Blood cancers, also referred to as hematologic cancers, usually start in the bone marrow, which is where blood is made. Blood cancers develop when abnormal blood cells begin to grow out of control and interrupt the function of normal blood cells, which fight off infection and produce new blood cells. Each type of blood cancer affects different aspects of the cells in blood.
Take a look at the information here to understand a particular blood cancer or condition. Then, when you’re ready, click the button to make an appointment with one of our hematologists.
Leukemia is cancer that starts in the tissues that form blood. Types of leukemia can be grouped based on how quickly the disease develops and advances. It is either chronic, which typically progresses slowly, or acute, which usually progresses quickly.
Non-Hodgkin’s lymphoma begins when a lymphocyte or white blood cell of the lymphatic system becomes abnormal and makes more abnormal cells. Since abnormal cells don't die, they also don’t function normally and are unable to protect the body from infections or other diseases. Instead, the buildup of extra cells often forms a mass of tissue called a tumor.
Hodgkin’s lymphoma is a cancer that begins in lymphocytes, the white blood cells responsible for immune system responses. HL begins when a cell becomes abnormal and includes the presence of an abnormal cell called a Reed-Sternberg cell. This cell divides, copies itself, stops the function of normal cells, and creates a buildup of extra cells that form a tumor.
Myeloma begins when a plasma cell becomes abnormal. The abnormal cell divides, copies itself, and makes more abnormal cells. These abnormal plasma cells are called myeloma cells. Over time, myeloma cells collect in the bone marrow and damage the solid part of the bone. When myeloma cells collect in several bones, the disease is called multiple myeloma.
When diagnosed with a blood cancer or a blood condition, treatment will be at a cancer center led by an oncologist that specializes in hematology. For many blood cancer patients, a hematologic oncologist oversees the entire treatment process, acting as the lead physician for your cancer care team. They will help evaluate all of your treatment options and determine the best combination and timing for the various treatments.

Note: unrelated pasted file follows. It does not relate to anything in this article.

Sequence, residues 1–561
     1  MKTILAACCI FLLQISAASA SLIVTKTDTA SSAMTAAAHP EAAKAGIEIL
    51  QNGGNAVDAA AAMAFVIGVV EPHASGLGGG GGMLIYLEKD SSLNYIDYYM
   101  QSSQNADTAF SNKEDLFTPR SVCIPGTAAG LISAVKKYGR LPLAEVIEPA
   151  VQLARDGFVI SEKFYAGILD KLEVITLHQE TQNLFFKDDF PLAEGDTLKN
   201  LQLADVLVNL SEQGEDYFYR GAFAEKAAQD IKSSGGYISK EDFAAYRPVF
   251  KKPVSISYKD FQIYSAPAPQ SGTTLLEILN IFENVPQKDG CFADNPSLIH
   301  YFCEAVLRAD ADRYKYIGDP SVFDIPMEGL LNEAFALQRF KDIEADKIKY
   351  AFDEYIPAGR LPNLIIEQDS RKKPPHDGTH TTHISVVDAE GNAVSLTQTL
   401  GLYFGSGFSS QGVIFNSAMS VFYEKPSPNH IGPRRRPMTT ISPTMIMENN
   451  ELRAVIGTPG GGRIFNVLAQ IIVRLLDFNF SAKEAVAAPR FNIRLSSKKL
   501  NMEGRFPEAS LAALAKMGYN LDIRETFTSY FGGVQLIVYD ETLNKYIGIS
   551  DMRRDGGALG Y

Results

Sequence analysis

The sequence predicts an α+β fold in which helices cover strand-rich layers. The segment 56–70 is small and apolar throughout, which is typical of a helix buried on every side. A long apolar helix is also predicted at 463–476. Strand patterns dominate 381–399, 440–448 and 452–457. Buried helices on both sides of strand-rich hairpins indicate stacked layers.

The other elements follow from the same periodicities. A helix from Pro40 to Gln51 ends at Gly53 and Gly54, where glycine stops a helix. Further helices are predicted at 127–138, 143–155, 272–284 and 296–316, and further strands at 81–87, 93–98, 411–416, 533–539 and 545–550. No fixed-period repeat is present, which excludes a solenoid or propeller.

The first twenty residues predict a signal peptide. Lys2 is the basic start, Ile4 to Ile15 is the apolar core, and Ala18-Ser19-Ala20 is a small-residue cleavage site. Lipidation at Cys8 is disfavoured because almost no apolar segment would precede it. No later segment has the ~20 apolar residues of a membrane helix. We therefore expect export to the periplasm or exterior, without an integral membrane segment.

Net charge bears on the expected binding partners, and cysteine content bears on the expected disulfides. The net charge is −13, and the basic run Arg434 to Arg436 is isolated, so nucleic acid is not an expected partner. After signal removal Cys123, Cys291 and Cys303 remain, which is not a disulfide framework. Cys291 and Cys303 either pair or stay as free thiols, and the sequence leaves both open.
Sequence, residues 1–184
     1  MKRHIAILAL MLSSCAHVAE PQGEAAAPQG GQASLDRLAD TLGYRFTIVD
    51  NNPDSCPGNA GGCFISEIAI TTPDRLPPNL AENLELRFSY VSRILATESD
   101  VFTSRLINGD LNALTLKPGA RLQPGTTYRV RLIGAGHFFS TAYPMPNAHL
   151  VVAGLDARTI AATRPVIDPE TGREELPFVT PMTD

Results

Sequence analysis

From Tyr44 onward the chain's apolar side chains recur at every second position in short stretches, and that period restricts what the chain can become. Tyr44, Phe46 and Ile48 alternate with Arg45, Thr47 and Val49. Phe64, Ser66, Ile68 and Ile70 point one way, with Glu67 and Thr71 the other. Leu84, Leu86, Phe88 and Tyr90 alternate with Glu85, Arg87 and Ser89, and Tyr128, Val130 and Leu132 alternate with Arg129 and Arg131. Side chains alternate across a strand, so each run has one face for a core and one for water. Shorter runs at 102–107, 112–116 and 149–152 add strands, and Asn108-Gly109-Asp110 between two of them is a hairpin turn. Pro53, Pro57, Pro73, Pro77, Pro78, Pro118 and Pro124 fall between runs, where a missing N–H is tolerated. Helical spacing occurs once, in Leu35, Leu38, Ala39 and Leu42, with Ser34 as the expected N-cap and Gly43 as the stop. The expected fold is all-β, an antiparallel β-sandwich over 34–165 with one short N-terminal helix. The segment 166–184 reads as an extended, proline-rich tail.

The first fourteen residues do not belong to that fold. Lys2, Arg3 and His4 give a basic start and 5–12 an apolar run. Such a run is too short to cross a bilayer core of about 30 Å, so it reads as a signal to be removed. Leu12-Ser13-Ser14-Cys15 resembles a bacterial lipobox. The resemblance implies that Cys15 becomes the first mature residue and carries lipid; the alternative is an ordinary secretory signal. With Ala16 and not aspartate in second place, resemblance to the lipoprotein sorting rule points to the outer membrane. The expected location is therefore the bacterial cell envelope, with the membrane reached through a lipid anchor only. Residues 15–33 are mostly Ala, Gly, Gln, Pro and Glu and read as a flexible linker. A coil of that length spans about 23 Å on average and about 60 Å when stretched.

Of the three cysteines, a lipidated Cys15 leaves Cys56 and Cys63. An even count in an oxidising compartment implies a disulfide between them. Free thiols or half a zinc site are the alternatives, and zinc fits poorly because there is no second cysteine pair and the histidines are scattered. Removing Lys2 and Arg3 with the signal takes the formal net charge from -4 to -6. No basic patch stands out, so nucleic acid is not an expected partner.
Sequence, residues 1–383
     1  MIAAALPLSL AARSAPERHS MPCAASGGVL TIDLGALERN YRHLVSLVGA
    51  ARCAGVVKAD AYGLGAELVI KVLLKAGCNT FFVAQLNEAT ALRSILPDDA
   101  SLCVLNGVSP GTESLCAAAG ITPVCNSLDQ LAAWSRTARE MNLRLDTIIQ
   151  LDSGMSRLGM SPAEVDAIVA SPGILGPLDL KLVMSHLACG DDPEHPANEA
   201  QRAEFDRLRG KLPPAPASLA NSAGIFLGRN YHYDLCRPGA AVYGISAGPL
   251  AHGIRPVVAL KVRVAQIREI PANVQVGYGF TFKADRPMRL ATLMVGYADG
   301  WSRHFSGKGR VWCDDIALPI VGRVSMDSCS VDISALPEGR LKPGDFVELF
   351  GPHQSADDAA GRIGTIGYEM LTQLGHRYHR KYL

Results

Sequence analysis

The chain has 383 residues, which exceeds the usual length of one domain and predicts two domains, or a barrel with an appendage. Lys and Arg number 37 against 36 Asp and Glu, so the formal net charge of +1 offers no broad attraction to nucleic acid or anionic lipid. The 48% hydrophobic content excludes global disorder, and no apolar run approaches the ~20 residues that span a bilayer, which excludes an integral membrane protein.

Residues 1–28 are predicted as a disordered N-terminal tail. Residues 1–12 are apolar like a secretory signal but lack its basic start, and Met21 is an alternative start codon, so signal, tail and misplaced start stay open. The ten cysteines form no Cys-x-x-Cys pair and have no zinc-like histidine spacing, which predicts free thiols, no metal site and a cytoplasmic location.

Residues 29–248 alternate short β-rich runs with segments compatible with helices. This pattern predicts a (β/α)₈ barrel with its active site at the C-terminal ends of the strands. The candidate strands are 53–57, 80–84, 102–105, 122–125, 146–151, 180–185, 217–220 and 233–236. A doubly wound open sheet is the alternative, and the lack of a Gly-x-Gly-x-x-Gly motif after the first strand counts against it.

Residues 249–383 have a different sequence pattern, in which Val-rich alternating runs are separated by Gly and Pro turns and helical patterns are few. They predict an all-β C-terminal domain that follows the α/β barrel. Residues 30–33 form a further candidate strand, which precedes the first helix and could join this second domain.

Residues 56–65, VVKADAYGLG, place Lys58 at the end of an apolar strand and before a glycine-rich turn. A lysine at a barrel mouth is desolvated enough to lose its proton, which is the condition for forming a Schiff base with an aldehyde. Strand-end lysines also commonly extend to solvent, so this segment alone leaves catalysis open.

At Willamette Valley Cancer Institute and Research Center, expert hematologists treat leukemia, lymphoma, myeloma, and other blood cancers. WVCI also advances the treatment of blood cancers through clinical trials that lead to the development of new therapies. We know it’s important for you to get good information and choose a treatment that’s best for you.
At Willamette Valley Cancer Institute, medical oncologists and hematologists, including Dr. Luke Fletcher, treat patients with blood cancers. There are different types of treatment options available to help manage and treat cancers of the blood, with promising cancer research on the horizon.
Watch this video to learn more about the different types of blood cancers, common symptoms, staging, and treatment including clinical trials.
A blood cancer diagnosis can leave you feeling overwhelmed and full of questions. If you’ve recently been diagnosed with lymphoma or multiple myeloma, visit our guide for newly diagnosed patients. Hopefully, it can ease your mind about what you can expect at your first appointment with the hematologist.
Our blood cancer specialists in the Willamette Valley are ready to help you navigate your treatment plan as well as help you manage side effects, nutrition, and your emotional well-being.
The WVCI team of experts is ready to talk to you about your type of cancer and all your treatment options. When you’re ready, click the button to make an appointment with one of our blood cancer specialists at a location convenient to you in Albany, Corvallis, Eugene, Florence, Newport, and Lincoln City. We’re here to answer all your questions and help you every step of the way.